Jupiter never disappoints.
11 times wider, 300 times more massive, and 1,300 times the volume of Earth, it's truly enormous. It's bigger than some stars! So there's a vast amount of room on our solar system's biggest planet for interesting things to see.
On January 11, 2017, both the Gemini North Telescope in Hawai'i and the Hubble Space Telescope orbiting above Earth were pointed at this gigantic world, taking images nearly simultaneously in different wavelengths to probe Jupiter's atmosphere.
That's Jupiter in visible light, the kind we see, taken using Hubble's Wide Field Camera 3. The image mimics what we see in some ways, but isn't exact: It's a combination of three images taken using narrow-band filters that let through very specific colors of light (a narrow slice of red, green, and blue each), whereas our eyes see a much wider range of colors in those three wavelengths.
Still, you can see the familiar dark belts and bright zones, horizontal wind patterns in the cloud tops that form the broad stripes you can see even with a small telescope. But the detail! Ribbons and wavy turbulence mark the boundaries between stripes, and dozens of planet-sized circular storms can be seen all over the place.
The most obvious is the Great Red Spot, still going strong after centuries of existence. It's a high-pressure system, called an anti-cyclone, which has been shrinking a bit over the past few decades but is still easily big enough that you could drop Earth into it whole without touching the sides. Just to give you a sense of scale (and a frisson of existential dread).
To the lower right of the Great Red Spot is Oval BA (no relation to me), a storm that formed in 2000 when three separate storms merged. It appears red here but sometimes changes color; many storms do this including the Red Spot, which in the past has paled to a salmony pink. It's not well understood what molecules cause the red coloring in Jupiter's clouds, so scientists give them the generic name of chromophores ("color bearers").
That's all cool, but if you want to learn more about Jupiter you need to look at it in different wavelengths, like, say, infrared. And when you do, holy wow.
That is Jupiter in infrared (or IR) at a wavelength of about 4.7 microns, well outside what our eyes can see. This wavelength is good for seeing temperature differences in objects, which is why it's called thermal infrared. Here, warmer things are brighter and cooler darker. Usually warmer spots are because the air is clearer there, and we can see deeper into Jupiter's atmosphere where it's hotter. Clouds block that view, so in this shot bright = clear air, dark = cloudy.
Where this gets really interesting is when you compare visible and infrared. For example, the Great Red Spot is dark in IR, meaning it's cooler. It looks bigger in IR too, especially to the north (above it in the image) so it must be cloudy up there as well.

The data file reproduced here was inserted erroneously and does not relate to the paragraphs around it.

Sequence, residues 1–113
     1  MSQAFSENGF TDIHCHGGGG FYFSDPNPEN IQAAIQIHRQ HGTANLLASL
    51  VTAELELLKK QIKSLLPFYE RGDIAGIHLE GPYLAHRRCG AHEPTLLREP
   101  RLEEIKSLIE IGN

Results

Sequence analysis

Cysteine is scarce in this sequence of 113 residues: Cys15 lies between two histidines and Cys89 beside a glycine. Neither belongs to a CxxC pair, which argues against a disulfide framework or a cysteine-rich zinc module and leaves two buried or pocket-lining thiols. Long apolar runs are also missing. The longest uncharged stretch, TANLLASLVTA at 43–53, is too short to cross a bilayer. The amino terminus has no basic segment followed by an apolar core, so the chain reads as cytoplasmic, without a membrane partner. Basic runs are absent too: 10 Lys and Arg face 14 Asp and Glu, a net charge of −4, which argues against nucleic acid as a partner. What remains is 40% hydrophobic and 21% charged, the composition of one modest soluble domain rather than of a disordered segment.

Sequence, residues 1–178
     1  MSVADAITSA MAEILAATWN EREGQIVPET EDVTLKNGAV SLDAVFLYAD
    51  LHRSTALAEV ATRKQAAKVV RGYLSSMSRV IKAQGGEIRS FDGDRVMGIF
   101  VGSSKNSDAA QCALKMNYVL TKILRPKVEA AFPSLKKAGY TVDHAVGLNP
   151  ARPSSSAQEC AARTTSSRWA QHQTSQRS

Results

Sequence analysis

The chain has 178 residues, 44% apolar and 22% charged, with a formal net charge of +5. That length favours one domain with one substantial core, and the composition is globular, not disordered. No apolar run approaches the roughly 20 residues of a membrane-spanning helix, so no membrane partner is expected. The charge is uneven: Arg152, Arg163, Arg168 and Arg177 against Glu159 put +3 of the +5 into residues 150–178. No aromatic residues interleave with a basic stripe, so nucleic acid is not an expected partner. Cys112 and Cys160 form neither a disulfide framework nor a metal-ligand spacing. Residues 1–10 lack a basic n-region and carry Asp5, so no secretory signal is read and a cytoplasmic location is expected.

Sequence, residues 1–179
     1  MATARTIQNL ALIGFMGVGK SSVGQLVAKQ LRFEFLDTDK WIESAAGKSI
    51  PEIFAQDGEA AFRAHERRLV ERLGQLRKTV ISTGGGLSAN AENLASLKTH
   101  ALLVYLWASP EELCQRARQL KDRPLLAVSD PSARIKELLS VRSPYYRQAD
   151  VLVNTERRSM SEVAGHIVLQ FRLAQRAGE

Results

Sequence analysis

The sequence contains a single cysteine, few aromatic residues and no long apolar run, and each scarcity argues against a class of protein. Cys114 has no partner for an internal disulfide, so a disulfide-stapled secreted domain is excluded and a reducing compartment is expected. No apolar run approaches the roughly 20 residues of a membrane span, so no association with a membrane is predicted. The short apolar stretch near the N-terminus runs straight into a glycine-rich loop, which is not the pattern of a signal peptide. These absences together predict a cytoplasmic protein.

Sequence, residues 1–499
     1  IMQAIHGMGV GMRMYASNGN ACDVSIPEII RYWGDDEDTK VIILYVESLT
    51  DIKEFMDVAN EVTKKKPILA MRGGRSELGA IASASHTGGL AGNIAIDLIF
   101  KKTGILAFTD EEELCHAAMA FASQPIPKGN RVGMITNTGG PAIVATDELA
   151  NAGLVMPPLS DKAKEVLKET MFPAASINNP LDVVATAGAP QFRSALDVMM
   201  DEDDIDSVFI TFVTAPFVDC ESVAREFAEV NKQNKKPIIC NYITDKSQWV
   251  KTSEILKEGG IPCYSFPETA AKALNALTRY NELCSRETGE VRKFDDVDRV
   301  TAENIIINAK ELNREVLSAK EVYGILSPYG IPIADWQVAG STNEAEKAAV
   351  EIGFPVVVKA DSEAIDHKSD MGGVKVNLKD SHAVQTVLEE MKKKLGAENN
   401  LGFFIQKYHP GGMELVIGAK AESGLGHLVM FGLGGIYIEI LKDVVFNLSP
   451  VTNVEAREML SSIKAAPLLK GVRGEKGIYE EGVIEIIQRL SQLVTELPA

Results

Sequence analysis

The press release for these images has a fantastic feature where you can move a slider bar to compare the images, and the differences become extremely obvious. For example, the darker belts are brighter in IR, and the lighter zones are darker. Oval BA is dark, and it's in an infrared-dark zone, so it disappears completely.
In the visible image to the north is a long brown cloud nicknamed a barge, with four bulges in it like a snake that's swallowed a quartet of rodents. It's a low-pressure cyclone that appears very bright in IR. This is a big one; barges are usually not this long, and tend to appear in the mid-latitude clouds of the planet in both hemispheres.
And hey look, there's still one more shot to see: Jupiter in ultraviolet (or UV).
This was also taken by the Wide Field Camera 3 on Hubble, again using three filters to create a color image. UV light has a shorter wavelength than our eye can see, and again this highlights the science of Jupiter's clouds. For example, the Great Red Spot is dark in UV due to chromophores absorbing that kind of light.
A lot of the features are more muted, and if you look top the north pole you can see things get pretty fuzzy and darker. Jupiter's upper atmosphere has a layer of thin haze — typically very small aerosols (particles suspended in the air) created when UV light hits carbon-based molecules which re-arrange themselves into more complex molecules that can clump together. Haze is translucent to UV, and closer to the pole we see that layer more edge-on, so it looks thicker, blocking more light from below.
Take a look at the Great red Spot here, too: It looks like it has straight sides! That's not an illusion; this can happen with large rotating storm systems. Saturn has an enormous regular hexagon around its north pole, and it forms naturally due to the way the fluid atmosphere moves on a rotating planet.
Taking observations like this simultaneously is important, because the features in the ever-changing atmosphere of Jupiter can be examined in different ways without having to worry about them changing over time and messing up the comparison. This type of multiple-observation technique is called a synoptic observation.
Not only that, but these observations were done to line up in time with observations by the Juno spacecraft, currently in orbit around Jupiter. Juno swoops around the planet in a very long ellipse, dive-bombing Jupiter every 53 (Earth) days, dropping to within a few thousand kilometers of the cloud tops and screaming past them at 200,000 km/hour! That gives incredible detail, while from back on Earth we can get an overview, putting the details in context.
Among the planets, Jupiter dominates the solar system's behavior. Its gravity affects the other planets, the asteroids, the comets, and the likely hundreds of moons that orbit it. Studying it reveals a vast amount about how things are now in the solar system, as well as its history and its distant future.
And, as always, it's just brain-smackingly gorgeous.